- On September 9, 2004, the Academic Standards and Student Records Committee met in N-217 from 1:15 p.m. to 3 p.m. to discuss the suspension/probation policy of the university as outlined in the 2002-2004 Undergraduate Catalog and to continue the committee’s examination of the university’s ESL issue. The meeting was attended by the following members: Dr. Michelle Abrego, Dr. Janna Arney, Ms. Kathleen Carter, Ms. Mari Chapa, Ms. Maria Elena Valdes, Ms. Laura Villarreal, Mr. Tom Welther, and Mr. Steve Wilder. Ms. Linda Fossen and Dr. Eli Peña attended the meeting as guest speakers.
- The minutes were accepted with changes after a motion made by Mr. Wilder, which was seconded by Ms. Chapa. The changes were as follows: … currently ESL students are advised to self-select to take the EPT … (instead of) … currently ESL students self-select to take the EPT … (and) … a score of 200 into English 0321 … (instead of) … 180 to 200 into English 0321 … .
- All members present were informed by Tom Welther that The Language Institute is not being reimbursed for teaching academically enrolled students, which presents as a major obstacle in establishing a viable ESL program at UTB/TSC. Dr. Peña mentioned that ESL classes taught in The Language Institute are usually capped at five, meaning only five academically enrolled students can attend a given ESL class. All members present acknowledged that there is a dire need for a strong ESL program as many students on campus need this type of training. Dr. Arney, for example, pointed that some students in the Business Technology Program are reading at the first-grade level and have ESL-related weaknesses. Ms. Fossen observed that a viable ESL program must be put into place. Dr. Arney expressed the belief that students would be accepting of a realistic program. Dr. Peña suggested that the university should seek approval from the state for an in-house certificate related to ESL compentencies. Ms. Valdez commented that such a certificate would most likely spur ESL students on to study harder, and Ms. Fossen thought that such a certificate would be a good idea as certificates exist in technical areas, where they certify a certain competence. Ms. Valdez suggested that the university should try to secure grant money to fund ESL instruction and further suggested that Dr. Hilda Silva might be willing to work on this.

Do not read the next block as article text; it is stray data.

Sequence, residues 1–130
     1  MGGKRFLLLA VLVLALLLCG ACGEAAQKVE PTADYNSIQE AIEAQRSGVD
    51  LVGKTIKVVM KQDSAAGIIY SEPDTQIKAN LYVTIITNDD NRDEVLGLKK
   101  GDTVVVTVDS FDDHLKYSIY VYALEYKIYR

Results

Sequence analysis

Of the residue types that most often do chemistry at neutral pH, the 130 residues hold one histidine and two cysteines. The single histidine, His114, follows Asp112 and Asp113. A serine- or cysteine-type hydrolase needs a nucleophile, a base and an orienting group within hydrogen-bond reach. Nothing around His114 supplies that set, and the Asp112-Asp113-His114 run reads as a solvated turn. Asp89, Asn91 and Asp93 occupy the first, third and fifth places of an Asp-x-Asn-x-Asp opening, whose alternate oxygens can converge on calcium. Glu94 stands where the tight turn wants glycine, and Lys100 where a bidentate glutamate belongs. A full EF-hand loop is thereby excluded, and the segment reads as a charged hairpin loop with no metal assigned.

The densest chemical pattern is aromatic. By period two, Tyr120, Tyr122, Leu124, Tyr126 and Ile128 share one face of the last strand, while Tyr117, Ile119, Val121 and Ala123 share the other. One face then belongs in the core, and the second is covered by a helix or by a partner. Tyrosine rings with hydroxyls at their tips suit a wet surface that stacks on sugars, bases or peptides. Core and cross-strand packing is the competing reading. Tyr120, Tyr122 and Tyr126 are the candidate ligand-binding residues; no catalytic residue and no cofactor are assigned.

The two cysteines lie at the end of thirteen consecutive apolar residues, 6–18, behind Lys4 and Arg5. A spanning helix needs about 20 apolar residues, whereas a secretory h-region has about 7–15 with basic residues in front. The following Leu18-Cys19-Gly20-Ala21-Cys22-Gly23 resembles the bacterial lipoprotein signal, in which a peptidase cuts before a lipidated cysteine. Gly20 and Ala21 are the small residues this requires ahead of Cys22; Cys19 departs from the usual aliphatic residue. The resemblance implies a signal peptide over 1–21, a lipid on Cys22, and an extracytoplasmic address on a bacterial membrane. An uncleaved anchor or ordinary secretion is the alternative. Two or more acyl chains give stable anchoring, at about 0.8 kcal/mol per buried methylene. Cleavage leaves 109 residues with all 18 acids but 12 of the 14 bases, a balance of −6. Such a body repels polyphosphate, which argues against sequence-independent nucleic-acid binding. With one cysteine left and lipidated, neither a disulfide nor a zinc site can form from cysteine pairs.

- During the discussion of the current state of ESL at the university, Mr. Welther distributed a flow chart showing a feasible placement process that international students would undergo if an effective ESL program were in place. The chart was designed by Dr. Nelson. Mr. Welther also mentioned that he had talked to the Interim Dean of Liberal Arts, Dr. Dameron, twice during the summer and was assured by him that a group, similar to the one suggested by the committee, was in the process of being formed to take on the ESL issue.
- The second major point the committee took up during the meeting was the current academic probation and suspension regulations as outlined in the 2003-2004 university Undergraduate Catalog. Dr. Peña pointed out that there are quite a few students on probation and suspension and have been so for quite a long time, as students have the right to appeal, and appeals are often granted. In addition, students can make “conditional progress”, which will allow them to stay enrolled but will not allow them to graduate unless they eventually achieve a GPA of 2.0 or better. Dr. Peña mentioned that there is a problem with many classes offered during a limited number of time slots. This problem forces students who want to have full-time status to be in compliance with financial aid regulations to take classes that they really don’t need. In addition, students in academic jeopardy accumulate many elective classes to improve their shaky GPAs. These classes and the large number of attempted classes cause many students to rack up a whopping one and a half times of what is needed in hours to graduate, according to Ms. Chapa. To make the probation/suspension rules more effective, Ms. Carter offered to introduce time constraints for students on probation to give them an incentive to improve. Ms. Chapa noted that other universities use a GPA of 2.0 as a yardstick. Mr. Welther cautioned that before any measures are going to be taken, a pilot study needs to be done to determine the number of students who are academically in trouble. Ms. Chapa promised to furnish them. The committee members also agreed that it would be helpful to look at how other community colleges, such as, EL Paso Community College, San Antonio Community College, Austin Community College, Dallas Community College System, Del Mar, Harris County Community College, and Miami Dade Community College deal with probation and suspension.
- A few minutes shy of 3 p.m., Ms. Valdez motioned to adjourn; Ms. Villarreal seconded the motion, and the committee adjourned.
Respectfully submitted by Tom Welther, Chair of the Academic Standards and Student Records Committee.